Either way the scientific exploration to the end of our planet or species (which are different things and scenarios) should avoid religious or theological possibilities (because they aren't real).

    http://en.wikipedia.org/wiki/Ultimate_fate_of_the_universe [wikipedia.org]
    Heat death of the universe and the big crunch are the two most likely scenarios (don't worry you won't be around for either of them). Heat death is basically where the universe becomes void of heat and motion and there is nothing left but immobile objects. The other best theory is the big crunch, basically where gravity pulls all objects together from existence into one singularity.

    I always though that that singularity would interact with infinite absolute zero and most likely creates another big bang. If this is true then that would mean it could have happened an infinite number of times before, meaning time is an infinite loop and everything has happened before an infinite number of times and will happen again.

    I haven't studied hard science in an academic environment for a while (I went to an amazing science oriented public high school) as I did my undergraduate studies in......sports broadcasting...so here's my disclaimer: some things above might be paraphrased or summarized incorrectly (I did my best).

    http://en.wikipedia.org/wiki/Risks_to_civilization,_humans_and_planet_Earth [wikipedia.org]
    This article covers almost everything. Natural disasters occurring from earth (earthquakes, floods, global warming), to space based (gamma ray bursts, impact events), to human based events (nuclear war), to diseases and pandemics, and even things like an A.I. taking over or a singularity from nanotechnology taking over all life (search wiki for Grey goo), and then of course there is the probability (though unlikely) of aliens obliterating our planet.

    http://en.wikipedia.org/wiki/Extinction_of_human_beings [wikipedia.org]
    There was a recent poll on Slashdot asking everyone when the last human would be born...
    http://slashdot.org/pollBooth.pl?qid=1749&aid=-1 [slashdot.org]
    http://slashdot.org/pollBooth.pl?qid=1751&aid=-1 [slashdot.org]

    Oh...here comes my boss time to submit and get back to cutting Mets footage.

    • by kohaku (797652) on Sunday April 26, 2009 @04:00PM (#27723141)

      Many Mayan scholars simply think that the Mayans were simply going to reset the calendar on that day back to zero.

      Referred to in Mayan texts as "The Great Mayan Integer Overflow".

      • Amusing. :P

        But in all seriousness, it's a positional number system.
        They would have simply *gasp* added a digit.

    • Re: (Score:3, Interesting)

      by DeadDecoy (877617)

      The other best theory is the big crunch, basically where gravity pulls all objects together from existence into one singularity.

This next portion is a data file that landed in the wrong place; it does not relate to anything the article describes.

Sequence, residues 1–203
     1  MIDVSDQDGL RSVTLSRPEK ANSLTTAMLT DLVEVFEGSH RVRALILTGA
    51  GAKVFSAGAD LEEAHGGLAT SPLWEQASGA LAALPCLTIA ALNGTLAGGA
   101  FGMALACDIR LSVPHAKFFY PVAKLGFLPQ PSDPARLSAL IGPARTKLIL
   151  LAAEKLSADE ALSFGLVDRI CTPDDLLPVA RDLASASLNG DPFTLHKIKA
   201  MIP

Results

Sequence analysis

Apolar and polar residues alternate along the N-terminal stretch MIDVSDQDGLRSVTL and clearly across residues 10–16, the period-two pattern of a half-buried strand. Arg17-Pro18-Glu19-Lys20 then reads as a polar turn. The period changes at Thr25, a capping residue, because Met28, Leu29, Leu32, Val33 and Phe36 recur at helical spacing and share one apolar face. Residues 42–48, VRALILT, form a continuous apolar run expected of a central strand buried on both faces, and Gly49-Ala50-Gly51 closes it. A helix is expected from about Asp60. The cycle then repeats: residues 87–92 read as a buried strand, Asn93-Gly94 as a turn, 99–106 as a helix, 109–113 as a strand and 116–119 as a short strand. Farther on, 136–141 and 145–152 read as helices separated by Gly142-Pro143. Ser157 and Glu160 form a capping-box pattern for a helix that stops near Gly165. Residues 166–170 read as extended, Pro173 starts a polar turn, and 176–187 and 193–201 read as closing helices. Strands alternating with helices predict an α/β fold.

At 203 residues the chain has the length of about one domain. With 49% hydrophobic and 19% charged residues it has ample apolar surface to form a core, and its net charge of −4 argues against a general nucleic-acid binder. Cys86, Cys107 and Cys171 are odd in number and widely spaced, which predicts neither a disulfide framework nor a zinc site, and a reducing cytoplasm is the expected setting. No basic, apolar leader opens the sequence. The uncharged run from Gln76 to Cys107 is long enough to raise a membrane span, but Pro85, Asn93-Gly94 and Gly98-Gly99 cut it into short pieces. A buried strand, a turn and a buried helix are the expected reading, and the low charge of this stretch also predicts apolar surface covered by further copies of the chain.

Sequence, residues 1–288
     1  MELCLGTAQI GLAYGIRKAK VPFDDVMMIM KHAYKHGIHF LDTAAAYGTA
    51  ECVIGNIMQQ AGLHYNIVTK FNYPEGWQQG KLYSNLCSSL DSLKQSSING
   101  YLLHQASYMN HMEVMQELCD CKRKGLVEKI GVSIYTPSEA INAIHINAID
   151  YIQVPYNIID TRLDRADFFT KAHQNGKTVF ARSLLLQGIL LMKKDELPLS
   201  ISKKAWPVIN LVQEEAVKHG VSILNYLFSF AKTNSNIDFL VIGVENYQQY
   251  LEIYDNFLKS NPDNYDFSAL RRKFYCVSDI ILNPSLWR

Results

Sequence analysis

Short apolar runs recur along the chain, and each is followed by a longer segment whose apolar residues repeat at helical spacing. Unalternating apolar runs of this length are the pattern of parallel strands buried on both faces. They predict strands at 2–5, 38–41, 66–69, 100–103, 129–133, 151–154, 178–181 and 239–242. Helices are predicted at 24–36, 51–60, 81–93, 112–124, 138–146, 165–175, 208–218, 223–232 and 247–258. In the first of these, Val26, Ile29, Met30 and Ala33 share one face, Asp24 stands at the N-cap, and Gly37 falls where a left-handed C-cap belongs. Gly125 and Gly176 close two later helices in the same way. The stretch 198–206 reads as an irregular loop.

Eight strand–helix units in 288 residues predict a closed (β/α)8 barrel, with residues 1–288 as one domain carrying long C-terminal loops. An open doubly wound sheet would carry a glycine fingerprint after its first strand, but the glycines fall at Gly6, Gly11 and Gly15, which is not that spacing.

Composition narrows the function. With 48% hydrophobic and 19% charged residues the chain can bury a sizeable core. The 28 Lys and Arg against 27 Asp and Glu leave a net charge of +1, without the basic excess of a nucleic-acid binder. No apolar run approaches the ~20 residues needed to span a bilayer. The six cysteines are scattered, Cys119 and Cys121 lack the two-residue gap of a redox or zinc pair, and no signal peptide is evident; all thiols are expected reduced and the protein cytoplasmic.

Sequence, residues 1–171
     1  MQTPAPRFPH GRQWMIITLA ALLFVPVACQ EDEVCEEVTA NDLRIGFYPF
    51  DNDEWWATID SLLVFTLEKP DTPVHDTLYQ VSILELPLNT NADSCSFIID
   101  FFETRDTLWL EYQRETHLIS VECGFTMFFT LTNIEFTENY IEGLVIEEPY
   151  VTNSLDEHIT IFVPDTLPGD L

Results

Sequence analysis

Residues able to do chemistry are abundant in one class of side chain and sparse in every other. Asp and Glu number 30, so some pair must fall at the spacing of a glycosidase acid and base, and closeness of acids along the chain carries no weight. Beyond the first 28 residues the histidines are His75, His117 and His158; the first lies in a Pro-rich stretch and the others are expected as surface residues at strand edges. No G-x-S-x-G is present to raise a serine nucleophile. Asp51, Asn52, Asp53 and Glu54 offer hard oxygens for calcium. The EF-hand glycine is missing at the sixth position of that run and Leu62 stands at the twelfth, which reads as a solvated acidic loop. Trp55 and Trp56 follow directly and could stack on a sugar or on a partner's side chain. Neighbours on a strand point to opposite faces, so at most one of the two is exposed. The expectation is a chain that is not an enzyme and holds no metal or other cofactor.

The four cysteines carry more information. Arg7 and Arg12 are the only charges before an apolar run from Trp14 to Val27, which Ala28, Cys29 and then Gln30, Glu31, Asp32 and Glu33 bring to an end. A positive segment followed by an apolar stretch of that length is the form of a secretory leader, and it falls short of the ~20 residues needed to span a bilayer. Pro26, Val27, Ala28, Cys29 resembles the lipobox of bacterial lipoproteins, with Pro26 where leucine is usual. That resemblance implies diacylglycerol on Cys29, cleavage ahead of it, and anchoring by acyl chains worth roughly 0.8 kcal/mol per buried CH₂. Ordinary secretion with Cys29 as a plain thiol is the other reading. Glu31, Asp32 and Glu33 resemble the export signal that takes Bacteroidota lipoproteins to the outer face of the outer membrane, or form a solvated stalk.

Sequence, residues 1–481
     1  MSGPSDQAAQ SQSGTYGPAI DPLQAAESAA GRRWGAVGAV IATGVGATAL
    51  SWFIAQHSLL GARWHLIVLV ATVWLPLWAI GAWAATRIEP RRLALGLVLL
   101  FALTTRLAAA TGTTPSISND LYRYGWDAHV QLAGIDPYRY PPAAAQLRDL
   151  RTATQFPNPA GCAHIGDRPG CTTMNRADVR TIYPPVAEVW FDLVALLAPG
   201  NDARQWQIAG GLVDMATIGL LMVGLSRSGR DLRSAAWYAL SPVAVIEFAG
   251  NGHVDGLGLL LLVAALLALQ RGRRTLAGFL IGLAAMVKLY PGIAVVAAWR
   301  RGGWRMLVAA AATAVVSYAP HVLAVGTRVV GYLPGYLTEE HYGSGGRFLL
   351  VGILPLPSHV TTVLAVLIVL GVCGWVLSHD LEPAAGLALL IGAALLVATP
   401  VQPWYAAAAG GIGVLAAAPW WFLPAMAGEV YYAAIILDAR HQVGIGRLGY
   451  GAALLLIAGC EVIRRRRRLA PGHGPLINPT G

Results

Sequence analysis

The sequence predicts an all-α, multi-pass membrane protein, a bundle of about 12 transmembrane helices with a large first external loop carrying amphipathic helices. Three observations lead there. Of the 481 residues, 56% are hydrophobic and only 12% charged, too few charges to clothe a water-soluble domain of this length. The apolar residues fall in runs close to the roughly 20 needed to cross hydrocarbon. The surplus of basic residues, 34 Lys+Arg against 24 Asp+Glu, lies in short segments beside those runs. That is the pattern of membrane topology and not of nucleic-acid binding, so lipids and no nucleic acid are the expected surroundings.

I dunno if I'd subscribe to the big crunch theory -> infinite loop, mostly because runs counter to the idea of losing energy. Either creating the universe costs energy or creating a giant gravity well costs energy, and one of those is the lowest state of equilibrium. Granted though we, as a species, are very ignorant as to the mechanisms of gravity, and there could be a cosmological perpetual machine out there, but it seems to run counter to the theories we have learned so far.

      Heath death seems more l

    • Heat death is basically where the universe becomes void of heat and motion and there is nothing left but immobile objects.

      The way I understand this scenario is that even immobile objects will have dissipated and there will be no energy left at all even in the form of mass.

  • by qwerty shrdlu (799408) on Sunday April 26, 2009 @03:35PM (#27722999)
    Oh, wait...
  • Just make sure they happen at night.

  • Balderdash (Score:5, Informative)

    by anorlunda (311253) on Sunday April 26, 2009 @04:06PM (#27723207) Homepage
    The solution is to use a Delta-ungrounded-Wye transformer where needed to prevent ground currents. After the 1980's incidents, power engineers in the USA and Canada reviewed the need for these transformers and put them in where needed. The solar flare problem should therefore be solved already. Can you cite a power system engineering qualified source who thinks there is still risk?
    • Re: (Score:3, Interesting)

      by Technician (215283)

      The Y Delta is in use in some of the BPA substations. In some places the Delta end is compromised by the use of reactors to compensate for power factor.

      The Lugo line at the ElDorado with the viral video of the 500 KV jacobs ladder is one of the locations using PF correction inductors. The ~ 100A arc is to the reactor. To prevent DC flow, the reactors can be taken offline, but the power factor would by itself cause voltage regulation problems on lines with a high power factor.

      http://www.youtube.com/watch? [youtube.com]

  • After seeing the movie Knowing [wikipedia.org]. I couldn't help but think how screwed Humanity would be if the planet would be in the Wrong Place, at the Wrong Time. It would take about another 5 Billion years for Earth to get back to what it is today, but even that Polyanna [wikipedia.org] concept wasn't good enough. When it comes down to cold reality, only if humanity becomes a space faring culture will things like ELE [wikipedia.org] be unfortunate, but survivable.

    • Re: (Score:3, Informative)

      by ScrewMaster (602015) *

      After seeing the movie Knowing [wikipedia.org]. I couldn't help but think how screwed Humanity would be if the planet would be in the Wrong Place, at the Wrong Time.